On January 31, NASA did a final "shake test" to ensure that everything stayed in place and on February 1, the micro-robot was sent to French Guiana.

With the successful launch of the Ariane 5 ES rocket on March 23, the journey is expected to take between 10-15 days to reach the International Space Station. Besides transporting a payload of scientific experiments, the rocket is primarily a re-supply vehicle for the six astronauts, from different nations, now living on board.

Once the experiments arrive, the astronauts will activate them for 30 days of continuous use and download data for the students to analyze every three days. The project should return to Earth in late April, riding with astronauts back to Siberia from the International Space Station.

"We'll be able to track and follow PI, to see how it does with commands that we gave it," says student Liana Simpson. "If corrections need to be made, we can tweak our program a little bit."

Miller adds, "The project has a camera installed so that we can also check the status of actual movement versus expected movement."

The FCS students are writing a technology report and will await data from the ISS to see if the project functions as they thought. Information will be posted on their blog at

Ryu sums up the experience, saying, "The hardest thing is being able to apply what you've learned to make it work in real life. We encountered it at an earlier age by doing this project, more than you would have, to this magnitude in life," declares Ryu.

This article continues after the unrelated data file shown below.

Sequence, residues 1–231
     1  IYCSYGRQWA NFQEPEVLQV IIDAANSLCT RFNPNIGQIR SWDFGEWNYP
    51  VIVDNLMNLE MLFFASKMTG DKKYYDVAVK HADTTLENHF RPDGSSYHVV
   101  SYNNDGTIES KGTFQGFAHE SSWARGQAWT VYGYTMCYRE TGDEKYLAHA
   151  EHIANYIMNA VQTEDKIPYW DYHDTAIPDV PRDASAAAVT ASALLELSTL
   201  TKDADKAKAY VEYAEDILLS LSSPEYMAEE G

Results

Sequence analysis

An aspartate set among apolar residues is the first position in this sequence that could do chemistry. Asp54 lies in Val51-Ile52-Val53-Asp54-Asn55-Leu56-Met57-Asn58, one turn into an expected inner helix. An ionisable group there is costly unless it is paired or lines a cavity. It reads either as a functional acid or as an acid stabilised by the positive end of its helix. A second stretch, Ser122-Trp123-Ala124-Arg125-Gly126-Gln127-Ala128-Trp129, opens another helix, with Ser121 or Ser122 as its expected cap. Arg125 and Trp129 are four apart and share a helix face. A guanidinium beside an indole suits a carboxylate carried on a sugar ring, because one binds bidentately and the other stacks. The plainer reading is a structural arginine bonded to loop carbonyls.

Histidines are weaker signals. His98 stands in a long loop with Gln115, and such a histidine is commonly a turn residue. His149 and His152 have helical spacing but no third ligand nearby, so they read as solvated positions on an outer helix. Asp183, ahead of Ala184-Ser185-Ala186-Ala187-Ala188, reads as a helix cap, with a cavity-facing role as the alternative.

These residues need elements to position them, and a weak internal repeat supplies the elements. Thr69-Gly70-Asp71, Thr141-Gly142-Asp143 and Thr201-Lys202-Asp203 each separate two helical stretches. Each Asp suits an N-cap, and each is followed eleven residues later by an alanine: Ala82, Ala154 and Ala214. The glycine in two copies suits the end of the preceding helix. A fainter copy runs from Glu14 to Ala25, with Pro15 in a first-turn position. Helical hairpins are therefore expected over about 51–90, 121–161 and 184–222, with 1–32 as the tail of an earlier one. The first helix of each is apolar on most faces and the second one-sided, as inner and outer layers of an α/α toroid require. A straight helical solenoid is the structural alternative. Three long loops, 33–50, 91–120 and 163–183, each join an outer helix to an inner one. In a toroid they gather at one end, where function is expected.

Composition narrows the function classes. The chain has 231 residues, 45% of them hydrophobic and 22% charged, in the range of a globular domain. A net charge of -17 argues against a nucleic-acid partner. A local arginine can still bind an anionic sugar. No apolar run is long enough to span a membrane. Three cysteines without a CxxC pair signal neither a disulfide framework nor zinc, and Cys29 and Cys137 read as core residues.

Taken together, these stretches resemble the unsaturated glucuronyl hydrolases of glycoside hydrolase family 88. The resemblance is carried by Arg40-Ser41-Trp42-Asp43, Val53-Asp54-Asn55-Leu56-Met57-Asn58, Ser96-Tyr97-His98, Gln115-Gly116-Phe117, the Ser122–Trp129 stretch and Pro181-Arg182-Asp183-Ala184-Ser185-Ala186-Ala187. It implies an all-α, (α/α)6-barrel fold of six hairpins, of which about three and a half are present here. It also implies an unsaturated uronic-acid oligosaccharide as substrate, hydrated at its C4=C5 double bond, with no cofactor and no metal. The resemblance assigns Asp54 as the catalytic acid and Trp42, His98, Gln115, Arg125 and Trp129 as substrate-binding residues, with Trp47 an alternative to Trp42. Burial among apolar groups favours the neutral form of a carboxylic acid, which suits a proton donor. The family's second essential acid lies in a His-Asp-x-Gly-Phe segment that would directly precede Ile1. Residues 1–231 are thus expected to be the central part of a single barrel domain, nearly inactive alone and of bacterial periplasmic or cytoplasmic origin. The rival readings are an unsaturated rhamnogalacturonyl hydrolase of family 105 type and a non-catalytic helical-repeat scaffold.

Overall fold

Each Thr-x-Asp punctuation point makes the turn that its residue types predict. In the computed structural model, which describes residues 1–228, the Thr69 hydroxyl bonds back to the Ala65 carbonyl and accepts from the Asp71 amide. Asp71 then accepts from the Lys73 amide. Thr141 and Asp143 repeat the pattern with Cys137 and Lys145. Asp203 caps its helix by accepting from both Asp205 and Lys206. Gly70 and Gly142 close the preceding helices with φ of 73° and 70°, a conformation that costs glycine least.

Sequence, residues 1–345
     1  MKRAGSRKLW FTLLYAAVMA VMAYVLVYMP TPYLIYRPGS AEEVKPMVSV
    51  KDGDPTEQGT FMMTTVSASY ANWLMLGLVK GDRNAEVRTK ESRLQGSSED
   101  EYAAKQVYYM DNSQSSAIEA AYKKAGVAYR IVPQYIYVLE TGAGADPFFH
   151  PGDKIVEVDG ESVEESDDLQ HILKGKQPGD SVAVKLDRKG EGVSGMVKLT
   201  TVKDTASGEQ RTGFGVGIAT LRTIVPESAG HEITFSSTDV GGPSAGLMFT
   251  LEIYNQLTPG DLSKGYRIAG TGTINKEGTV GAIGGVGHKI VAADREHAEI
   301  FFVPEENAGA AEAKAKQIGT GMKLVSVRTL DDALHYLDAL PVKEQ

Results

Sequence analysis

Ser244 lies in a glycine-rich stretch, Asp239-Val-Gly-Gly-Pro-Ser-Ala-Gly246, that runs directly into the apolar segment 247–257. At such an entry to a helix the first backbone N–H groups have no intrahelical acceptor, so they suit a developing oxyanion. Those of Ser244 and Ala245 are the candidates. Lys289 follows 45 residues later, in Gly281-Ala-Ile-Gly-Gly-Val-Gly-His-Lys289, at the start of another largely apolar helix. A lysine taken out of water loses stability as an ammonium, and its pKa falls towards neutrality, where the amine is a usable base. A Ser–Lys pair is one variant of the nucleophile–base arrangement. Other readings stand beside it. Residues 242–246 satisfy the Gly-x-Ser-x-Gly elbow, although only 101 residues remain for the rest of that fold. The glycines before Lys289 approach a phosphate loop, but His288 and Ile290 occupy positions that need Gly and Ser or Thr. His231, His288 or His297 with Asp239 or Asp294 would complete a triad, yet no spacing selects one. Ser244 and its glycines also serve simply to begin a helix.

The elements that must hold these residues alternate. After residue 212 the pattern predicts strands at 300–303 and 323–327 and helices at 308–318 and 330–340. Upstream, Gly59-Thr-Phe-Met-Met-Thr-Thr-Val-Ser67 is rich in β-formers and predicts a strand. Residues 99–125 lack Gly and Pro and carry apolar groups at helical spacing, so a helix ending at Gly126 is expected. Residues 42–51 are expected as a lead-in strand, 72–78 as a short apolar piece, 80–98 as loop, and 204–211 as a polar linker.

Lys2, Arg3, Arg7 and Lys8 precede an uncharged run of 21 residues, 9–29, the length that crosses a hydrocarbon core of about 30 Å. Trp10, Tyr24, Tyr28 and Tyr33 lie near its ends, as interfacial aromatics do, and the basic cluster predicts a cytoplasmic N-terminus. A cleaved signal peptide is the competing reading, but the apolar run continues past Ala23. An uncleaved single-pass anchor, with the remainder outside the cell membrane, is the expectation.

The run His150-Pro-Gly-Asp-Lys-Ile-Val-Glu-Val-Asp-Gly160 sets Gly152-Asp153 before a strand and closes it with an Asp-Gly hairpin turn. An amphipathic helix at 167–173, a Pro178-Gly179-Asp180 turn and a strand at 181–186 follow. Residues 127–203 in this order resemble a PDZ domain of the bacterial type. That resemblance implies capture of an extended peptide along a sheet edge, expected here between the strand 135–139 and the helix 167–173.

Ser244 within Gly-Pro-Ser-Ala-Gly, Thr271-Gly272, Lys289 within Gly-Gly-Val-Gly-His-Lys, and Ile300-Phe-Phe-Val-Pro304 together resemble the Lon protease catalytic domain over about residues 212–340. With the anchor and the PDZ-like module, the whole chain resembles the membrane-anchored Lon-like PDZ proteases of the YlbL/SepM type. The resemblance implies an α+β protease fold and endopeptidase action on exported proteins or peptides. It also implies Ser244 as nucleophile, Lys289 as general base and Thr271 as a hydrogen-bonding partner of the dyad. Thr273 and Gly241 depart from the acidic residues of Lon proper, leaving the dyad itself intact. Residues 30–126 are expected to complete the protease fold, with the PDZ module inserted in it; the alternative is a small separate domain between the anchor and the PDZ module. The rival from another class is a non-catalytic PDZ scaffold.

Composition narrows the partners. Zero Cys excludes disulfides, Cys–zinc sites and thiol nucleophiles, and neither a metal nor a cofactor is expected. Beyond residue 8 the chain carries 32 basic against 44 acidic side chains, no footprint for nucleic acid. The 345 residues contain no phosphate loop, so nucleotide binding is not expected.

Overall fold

FCS Space Engineering students who participated in the PI project include: Kyle Diep, Peter Liu, Micaehla May, Madison Mendez, Micah Morris, Priya Natarajan, Dongyub "Mike" Ryu, Manraj Sekhon, Savraj Sekhon, Jasmine Shin, Liana Simpson, Erin Tang and Zaneta Zhao.

Interested students apply in advance and are interviewed for the Space Engineering elective class. Teacher Matthew Miller meets with the FCS's Superintendent, Dr. Tricia Meyer, to choose a team of students who will work best together. "I'm just excited that while we have a high school of 210 students, we have been able to provide this unique opportunity like Space Engineering," states Superintendent Meyer.

To follow the progress of the PI project visit:
Students' Blog:

For more information about Fremont Christian School, visit:

Photo Captions:

"Classroom team photo with teacher Matthew Miller (left)." (Photo by Miriam G. Mazliach)

Inset Photo: "The micro-robot PI" (Photo by Micaehla May)